Project description:In sea urchins, spermatozoan motility is altered by chemotactic peptides, giving rise to the assumption that mammalian eggs also emit chemotactic agents that guide spermatozoa through the female reproductive tract to the mature oocyte. Mammalian spermatozoa indeed undergo complex adaptations within the female (the process of capacitation) that are initiated by agents ranging from pH to progesterone, but these factors are not necessarily taxic. Currently, chemotaxis, thermotaxis, and rheotaxis have not been definitively established in mammals.Here, we show that positive rheotaxis, the ability of organisms to orient and swim against the flow of surrounding fluid, is a major taxic factor for mouse and human sperm. This flow is generated within 4 hr of sexual stimulation and coitus in female mice; prolactin-triggered oviductal fluid secretion clears the oviduct of debris, lowers viscosity, and generates the stream that guides sperm migration in the oviduct. Rheotaxic movement is demonstrated in capacitated and uncapacitated spermatozoa in low- and high-viscosity media. Finally, we show that a unique sperm motion, which we quantify using the sperm head's rolling rate, reflects sperm rotation that generates essential force for positioning the sperm in the stream. Rotation requires CatSper channels, presumably by enabling Ca(2+) influx.We propose that rheotaxis is a major determinant of sperm guidance over long distances in the mammalian female reproductive tract. Coitus induces fluid flow to guide sperm in the oviduct. Sperm rheotaxis requires rotational motion during CatSper channel-dependent hyperactivated motility.
Project description:Is the environmental endocrine disruptor p,p'-dichlorodiphenyldichloroethylene (p,p'-DDE) able to induce non-genomic changes in human sperm and consequently affect functional sperm parameters?p,p'-DDE promoted Ca(2+) flux into human sperm by activating CatSper channels even at doses found in human reproductive fluids, ultimately compromising sperm parameters important for fertilization.p,p'-DDE may promote non-genomic actions and interact directly with pre-existing signaling pathways, as already observed in other cell types. However, although often found in both male and female reproductive fluids, its effects on human spermatozoa function are not known.Normozoospermic sperm samples from healthy individuals were included in this study. Samples were exposed to several p,p'-DDE concentrations for 3 days at 37°C and 5% CO2 in vitro to mimic the putative continuous exposure to this toxicant in the female reproductive tract in vivo. Shorter p,p'-DDE incubation periods were also performed in order to monitor sperm rapid Ca(2+) responses. All experiments were repeated on a minimum of five sperm samples from different individuals.All healthy individuals were recruited at the Biosciences School, University of Birmingham, the Medical Research Institute, University of Dundee and in the Human Reproduction Service at University Hospitals of Coimbra. Intracellular Ca(2+) concentration ([Ca(2+)]i) was monitored by imaging single spermatozoa loaded with Oregon Green BAPTA-1AM and further whole-cell patch-clamp recordings were performed to validate our results. Sperm viability and acrosomal integrity were assessed using the LIVE/DEAD sperm vitality kit and the acrosomal content marker PSA-FITC, respectively.p,p'-DDE rapidly increased [Ca(2+)]i (P < 0.05) even at extremely low doses (1 pM and 1 nM), with magnitudes of response up to 200%, without affecting sperm viability, except after 3 days of continuous exposure to the highest concentration tested (P < 0.05). Furthermore, experiments performed in a low Ca(2+) medium demonstrated that extracellular Ca(2+) influx was responsible for this Ca(2+) increase (P < 0.01). Mibefradil and NNC 55-0396, both inhibitors of the sperm-specific CatSper channel, reversed the p,p'-DDE-induced [Ca(2+)]i rise, suggesting the participation of CatSper in this process (P < 0.05). In fact, whole-cell patch-clamp recordings confirmed CatSper as a target of p,p'-DDE action by monitoring an increase in CatSper currents of >100% (P < 0.01). Finally, acrosomal integrity was adversely affected after 2 days of exposure to p,p'-DDE concentrations, suggesting that [Ca(2+)]i rise may cause premature acrosome reaction (P < 0.05).This is an in vitro study, and caution must be taken when extrapolating the results.A novel non-genomic p,p'-DDE mechanism specific to sperm is shown in this study. p,p'-DDE was able to induce [Ca(2+)]i rise in human sperm through the opening of CatSper consequently compromising male fertility. The promiscuous nature of CatSper activation may predispose human sperm to the action of some persistent endocrine disruptors.The study was supported by both the Portuguese National Science Foundation (FCT; PEst-C/SAU/LA0001/2011) and the UK Wellcome Trust (Grant #86470). SM was supported by the Infertility Research Trust. RST is a recipient of a PhD fellowship from FCT (SFRH/BD/46002/2008). None of the authors has any conflict of interest to declare.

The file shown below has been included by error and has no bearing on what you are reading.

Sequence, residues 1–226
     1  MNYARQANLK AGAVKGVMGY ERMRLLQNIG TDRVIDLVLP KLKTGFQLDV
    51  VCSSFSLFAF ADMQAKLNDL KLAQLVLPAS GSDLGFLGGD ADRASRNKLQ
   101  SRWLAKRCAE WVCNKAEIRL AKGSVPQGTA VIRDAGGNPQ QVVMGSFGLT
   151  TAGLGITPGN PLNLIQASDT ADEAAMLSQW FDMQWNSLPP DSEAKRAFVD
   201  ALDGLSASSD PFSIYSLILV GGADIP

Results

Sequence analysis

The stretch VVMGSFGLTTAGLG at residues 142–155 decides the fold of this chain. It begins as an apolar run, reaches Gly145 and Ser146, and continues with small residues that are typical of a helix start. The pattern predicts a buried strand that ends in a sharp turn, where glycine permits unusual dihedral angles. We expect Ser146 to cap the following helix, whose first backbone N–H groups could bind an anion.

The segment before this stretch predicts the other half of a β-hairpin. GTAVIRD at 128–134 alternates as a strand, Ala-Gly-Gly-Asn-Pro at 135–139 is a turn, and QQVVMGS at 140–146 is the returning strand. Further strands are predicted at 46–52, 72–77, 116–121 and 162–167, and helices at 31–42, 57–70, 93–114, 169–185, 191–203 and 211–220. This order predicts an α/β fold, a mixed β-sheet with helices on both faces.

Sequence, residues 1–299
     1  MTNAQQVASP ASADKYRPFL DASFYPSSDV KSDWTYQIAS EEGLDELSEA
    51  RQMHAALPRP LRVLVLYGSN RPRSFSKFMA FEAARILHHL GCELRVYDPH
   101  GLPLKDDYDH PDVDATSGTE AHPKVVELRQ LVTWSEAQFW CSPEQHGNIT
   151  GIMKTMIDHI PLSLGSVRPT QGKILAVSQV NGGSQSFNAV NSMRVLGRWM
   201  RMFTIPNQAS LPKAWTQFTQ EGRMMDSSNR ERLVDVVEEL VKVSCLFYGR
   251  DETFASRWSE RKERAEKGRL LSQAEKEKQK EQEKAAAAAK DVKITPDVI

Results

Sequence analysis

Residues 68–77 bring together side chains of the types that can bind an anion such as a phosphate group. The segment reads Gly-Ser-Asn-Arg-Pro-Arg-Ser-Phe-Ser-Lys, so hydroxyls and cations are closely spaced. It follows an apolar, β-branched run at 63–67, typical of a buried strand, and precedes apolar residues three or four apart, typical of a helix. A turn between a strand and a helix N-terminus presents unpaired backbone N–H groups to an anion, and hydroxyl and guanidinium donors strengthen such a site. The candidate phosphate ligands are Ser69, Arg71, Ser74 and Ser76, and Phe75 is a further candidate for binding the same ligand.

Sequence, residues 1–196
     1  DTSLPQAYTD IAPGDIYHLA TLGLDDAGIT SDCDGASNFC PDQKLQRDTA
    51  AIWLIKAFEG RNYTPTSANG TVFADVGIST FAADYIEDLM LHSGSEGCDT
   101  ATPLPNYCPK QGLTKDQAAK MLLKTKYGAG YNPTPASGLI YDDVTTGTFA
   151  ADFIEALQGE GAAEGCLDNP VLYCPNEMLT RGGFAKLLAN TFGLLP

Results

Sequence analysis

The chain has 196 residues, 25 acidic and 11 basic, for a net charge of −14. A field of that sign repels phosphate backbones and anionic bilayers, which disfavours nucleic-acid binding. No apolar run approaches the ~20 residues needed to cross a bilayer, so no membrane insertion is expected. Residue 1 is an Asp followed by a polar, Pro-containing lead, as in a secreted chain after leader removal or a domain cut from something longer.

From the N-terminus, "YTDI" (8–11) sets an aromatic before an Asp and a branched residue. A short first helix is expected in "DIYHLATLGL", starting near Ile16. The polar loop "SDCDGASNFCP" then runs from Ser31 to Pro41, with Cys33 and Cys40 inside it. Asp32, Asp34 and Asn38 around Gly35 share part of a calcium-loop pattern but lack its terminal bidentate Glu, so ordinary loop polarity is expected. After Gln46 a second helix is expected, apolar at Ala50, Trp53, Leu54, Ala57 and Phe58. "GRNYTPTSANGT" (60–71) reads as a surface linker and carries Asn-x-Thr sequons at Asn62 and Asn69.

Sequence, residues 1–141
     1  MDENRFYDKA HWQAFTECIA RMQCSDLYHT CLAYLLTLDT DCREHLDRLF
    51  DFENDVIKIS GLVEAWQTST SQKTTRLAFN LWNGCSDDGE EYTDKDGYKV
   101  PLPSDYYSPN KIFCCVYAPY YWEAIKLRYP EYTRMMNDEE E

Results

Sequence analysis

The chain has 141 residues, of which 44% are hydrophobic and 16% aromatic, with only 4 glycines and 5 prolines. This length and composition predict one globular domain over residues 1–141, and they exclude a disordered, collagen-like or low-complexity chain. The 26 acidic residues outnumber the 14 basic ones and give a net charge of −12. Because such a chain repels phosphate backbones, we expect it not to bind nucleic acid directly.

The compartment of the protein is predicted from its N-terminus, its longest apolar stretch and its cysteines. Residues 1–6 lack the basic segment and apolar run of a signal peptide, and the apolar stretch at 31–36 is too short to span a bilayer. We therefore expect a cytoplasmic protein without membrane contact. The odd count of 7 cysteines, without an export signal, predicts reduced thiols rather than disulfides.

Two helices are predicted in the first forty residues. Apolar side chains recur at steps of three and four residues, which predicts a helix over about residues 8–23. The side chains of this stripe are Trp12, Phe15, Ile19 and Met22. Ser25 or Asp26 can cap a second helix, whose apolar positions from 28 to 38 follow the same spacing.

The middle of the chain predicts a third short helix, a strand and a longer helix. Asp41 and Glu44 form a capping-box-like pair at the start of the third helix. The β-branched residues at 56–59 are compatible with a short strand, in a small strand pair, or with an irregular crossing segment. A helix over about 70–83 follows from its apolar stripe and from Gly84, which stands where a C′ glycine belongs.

Project description:The sperm-specific CatSper channel controls the intracellular Ca(2+) concentration ([Ca(2+)](i)) and, thereby, the swimming behaviour of sperm. In humans, CatSper is directly activated by progesterone and prostaglandins-female factors that stimulate Ca(2+) influx. Other factors including neurotransmitters, chemokines, and odorants also affect sperm function by changing [Ca(2+)](i). Several ligands, notably odorants, have been proposed to control Ca(2+) entry and motility via G protein-coupled receptors (GPCRs) and cAMP-signalling pathways. Here, we show that odorants directly activate CatSper without involving GPCRs and cAMP. Moreover, membrane-permeable analogues of cyclic nucleotides that have been frequently used to study cAMP-mediated Ca(2+) signalling also activate CatSper directly via an extracellular site. Thus, CatSper or associated protein(s) harbour promiscuous binding sites that can host various ligands. These results contest current concepts of Ca(2+) signalling by GPCR and cAMP in mammalian sperm: ligands thought to activate metabotropic pathways, in fact, act via a common ionotropic mechanism. We propose that the CatSper channel complex serves as a polymodal sensor for multiple chemical cues that assist sperm during their voyage across the female genital tract.